GPX tracks: a quick intro
|What is a GPX file ?|
|GPX stands for GPS Exchange Format; it's a very popular file format used in order to exchange GPS data across different devices.|
GPX is an open format and is almost always supported: it's based on a formally defined XML schema
Many real word implementations are only loosely conformant to the standard schema and further non-standard tags have been introduced by several vendors.
A GPX file is expected to internally store at least one of the following contents:
- Tracks: a Track is an ordered list of points describing a path.
A Track must contain at least one Track Segment holding a list of Track Points which are logically connected in order.
A Track can contain more Segments, and more Tracks can be stored into the same GPX file.
- WayPoints: a WayPoint consists of the WGS 84 (GPS) coordinates of a point and possibly other descriptive information.
The same GPX file can contain a collection of many WayPoints with no sequential relationship.
- Routes: a Route is an ordered list of routepoints (waypoints representing a series of significant turn or stage points) leading to a destination.
SpatiaLite only supports GPX Tracks and will always silently ignore any other content.
Anatomy of a GPX file containing a GPS Track
If you are interested into GPS Tracks you'll very probably have lots of GPX files of your own that you can use as test samples.
The following examples use this GPX sample
<gpx version="1.0" xmlns="http://www.topografix.com/GPX/1/0">
<trkpt lat="55.753572" lon="37.808250">
<trkpt lat="55.753622" lon="37.808255">
<trkpt lat="55.753593" lon="37.808158">
<trkpt lat="55.758177" lon="37.677802">
- the whole GPX file is enclosed within <gpx> and </gpx> tags.
- each Track is delimited by a matching pair of <trk> and </trk> tags.
- each Track Segment is delimited by a matching pair of <trkseg> and </trkseg> tags.
- each Track Point is enclosed within <trkpt> and </trkpt> tags.
- the lat and lon mandatory attributes are intended to declare the WGS 84 latitude and longitude of the point.
- the elevation of the point (measured in meters) can be optionally declared within a pair of <ele> and </ele> tags.
- the date and time of the corresponding GPS measure can be optionally declared within a pair of <time> and </time> tags.
Dates and times are not local time, but instead are Coordinated Universal Time (UTC) using ISO 8601 format.
Importing GPX tracks into a SpatiaLite GeoTable
CREATE TABLE raw_gpx (
id_gpx INTEGER PRIMARY KEY AUTOINCREMENT,
gpx BLOB NOT NULL);
INSERT INTO raw_gpx VALUES (NULL, XB_Create(XB_LoadXML('Gpx-full-sample.gpx')));
SELECT id_gpx, XB_IsGPX(gpx)
Since GPX files are XML files, you must use the standard SQL functions supporting generic XML.
XB_IsGPX() is a new SQL function introduced by SpatiaLite 4.4.0; it will test the actual XML input and will return 1 if it really is of the GPX type, 0 if not, and -1 when the passed argument is not a valid XML document.
CREATE TABLE gpx_tracks (
id_trk INTEGER PRIMARY KEY AUTOINCREMENT);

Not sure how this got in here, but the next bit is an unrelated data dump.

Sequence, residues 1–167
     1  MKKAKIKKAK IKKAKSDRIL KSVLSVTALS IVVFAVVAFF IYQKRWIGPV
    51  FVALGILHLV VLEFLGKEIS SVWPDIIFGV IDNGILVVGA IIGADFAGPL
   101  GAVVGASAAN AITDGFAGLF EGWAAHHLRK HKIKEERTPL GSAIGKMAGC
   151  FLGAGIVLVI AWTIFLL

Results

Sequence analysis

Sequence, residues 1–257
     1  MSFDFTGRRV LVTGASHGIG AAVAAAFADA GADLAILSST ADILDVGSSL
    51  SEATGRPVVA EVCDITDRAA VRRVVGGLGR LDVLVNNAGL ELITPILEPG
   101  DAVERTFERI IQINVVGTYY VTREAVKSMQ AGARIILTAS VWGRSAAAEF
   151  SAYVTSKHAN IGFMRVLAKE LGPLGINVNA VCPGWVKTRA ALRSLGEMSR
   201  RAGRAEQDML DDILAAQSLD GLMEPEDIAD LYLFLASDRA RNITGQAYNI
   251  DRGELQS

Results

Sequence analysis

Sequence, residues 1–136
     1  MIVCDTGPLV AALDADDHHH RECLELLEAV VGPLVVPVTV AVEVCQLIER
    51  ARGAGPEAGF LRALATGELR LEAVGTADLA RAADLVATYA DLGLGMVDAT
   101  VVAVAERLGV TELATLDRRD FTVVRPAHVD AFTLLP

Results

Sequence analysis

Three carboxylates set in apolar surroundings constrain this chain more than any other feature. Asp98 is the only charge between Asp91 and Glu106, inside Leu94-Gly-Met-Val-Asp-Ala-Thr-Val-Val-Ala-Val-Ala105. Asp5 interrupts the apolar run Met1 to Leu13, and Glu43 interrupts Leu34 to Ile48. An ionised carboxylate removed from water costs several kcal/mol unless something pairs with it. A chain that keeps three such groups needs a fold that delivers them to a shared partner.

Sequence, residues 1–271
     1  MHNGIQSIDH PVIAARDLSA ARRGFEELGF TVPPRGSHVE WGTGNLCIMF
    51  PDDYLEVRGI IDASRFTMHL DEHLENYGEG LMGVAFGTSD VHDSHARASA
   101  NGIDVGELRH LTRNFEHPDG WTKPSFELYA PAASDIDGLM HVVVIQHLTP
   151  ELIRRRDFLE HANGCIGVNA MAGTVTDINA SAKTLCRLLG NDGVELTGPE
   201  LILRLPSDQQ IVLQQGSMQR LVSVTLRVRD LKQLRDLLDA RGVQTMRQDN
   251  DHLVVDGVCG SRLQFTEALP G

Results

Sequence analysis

SELECT AddGeometryColumn('gpx_tracks', 'geom', 4326, 'MULTILINESTRING', 'XYZM');
INSERT INTO gpx_tracks
SELECT NULL, XB_MLineFromGPX(gpx)
Now we'll create another table including a Geometry column declared of the MULTILINESTRING type and having XYZM dimensions. The SRID for this Geometry must be 4326 (alias WGS 84), which is always used with GPS data.
With this, we can invoke the new XB_MLineFromGPX() SQL function which will parse the GPX input, possibly creating a MultiLinestring corresponding to all of the Track-Segments defined in the GPX-File.
- XB_MLineFromGPX() will return NULL if either the passed argument is not a valid BLOB, or it's a valid BLOB but not of the GPX type.
- XB_MLineFromGPX() will return a NULL value, if it does not contains any Tracks.
- when successful, the returned Geometry will always be a MultiLinestring, and a distinct Linestring will be created inside for every Track Segment found within the GPX-File.
Each TrackPoint will correspond to a Vertex of the corresponding Linestring
- the X and Y coordinates of the Vertex will be set accordingly to the declared lon and lat.
- if an ele tag was declared the Z coordinate will be set to the corresponding value.
Otherwise the Z coordinate will be set to 0.0 (default value).
- if a time tag was declared, the ISO 8601 timestamp will be transformed into a julian day number, and the M coordinate will be set to the corresponding value.
Otherwise the M coordinate will be set to 1721059.5, this corresponding to 0000-01-01T00:00:00Z (default value).
Checking the imported TrackPoints
SELECT 'Point #1' AS point, ST_X(a.pt) AS lon, ST_Y(a.pt) AS lat, ST_Z(a.pt) AS ele, DateTime(ST_M(a.pt)) AS time
FROM (SELECT ST_StartPoint(geom) AS pt FROM gpx_tracks) AS a
SELECT 'Point #2' AS point, ST_X(a.pt) AS lon, ST_Y(a.pt) AS lat, ST_Z(a.pt) AS ele, DateTime(ST_M(a.pt)) AS time
FROM (SELECT ST_PointN(geom, 2) AS pt FROM gpx_tracks) AS a
SELECT 'Point #3' AS point, ST_X(a.pt) AS lon, ST_Y(a.pt) AS lat, ST_Z(a.pt) AS ele, DateTime(ST_M(a.pt)) AS time
FROM (SELECT ST_PointN(geom, 3) AS pt FROM gpx_tracks) AS a
SELECT 'Point #N' AS point, ST_X(a.pt) AS lon, ST_Y(a.pt) AS lat, ST_Z(a.pt) AS ele, DateTime(ST_M(a.pt)) AS time
FROM (SELECT ST_EndPoint(geom) AS pt FROM gpx_tracks) AS a;
|Point #1||37.808250||55.753572||135.000000||2009-05-19 04:00:30|
|Point #2||37.808255||55.753622||135.000000||2009-05-19 04:00:31|
|Point #3||37.808158||55.753593||135.000000||2009-05-19 04:00:32|
|Point #N||37.677802||55.758177||152.000000||2009-05-19 04:46:27|
As you can easily see, the MultiLinestring XYZM returned by XB_MLineFromGPX() faithfully preserves both the spatial coordinates and the timestamps originally registered by the GPS sensor.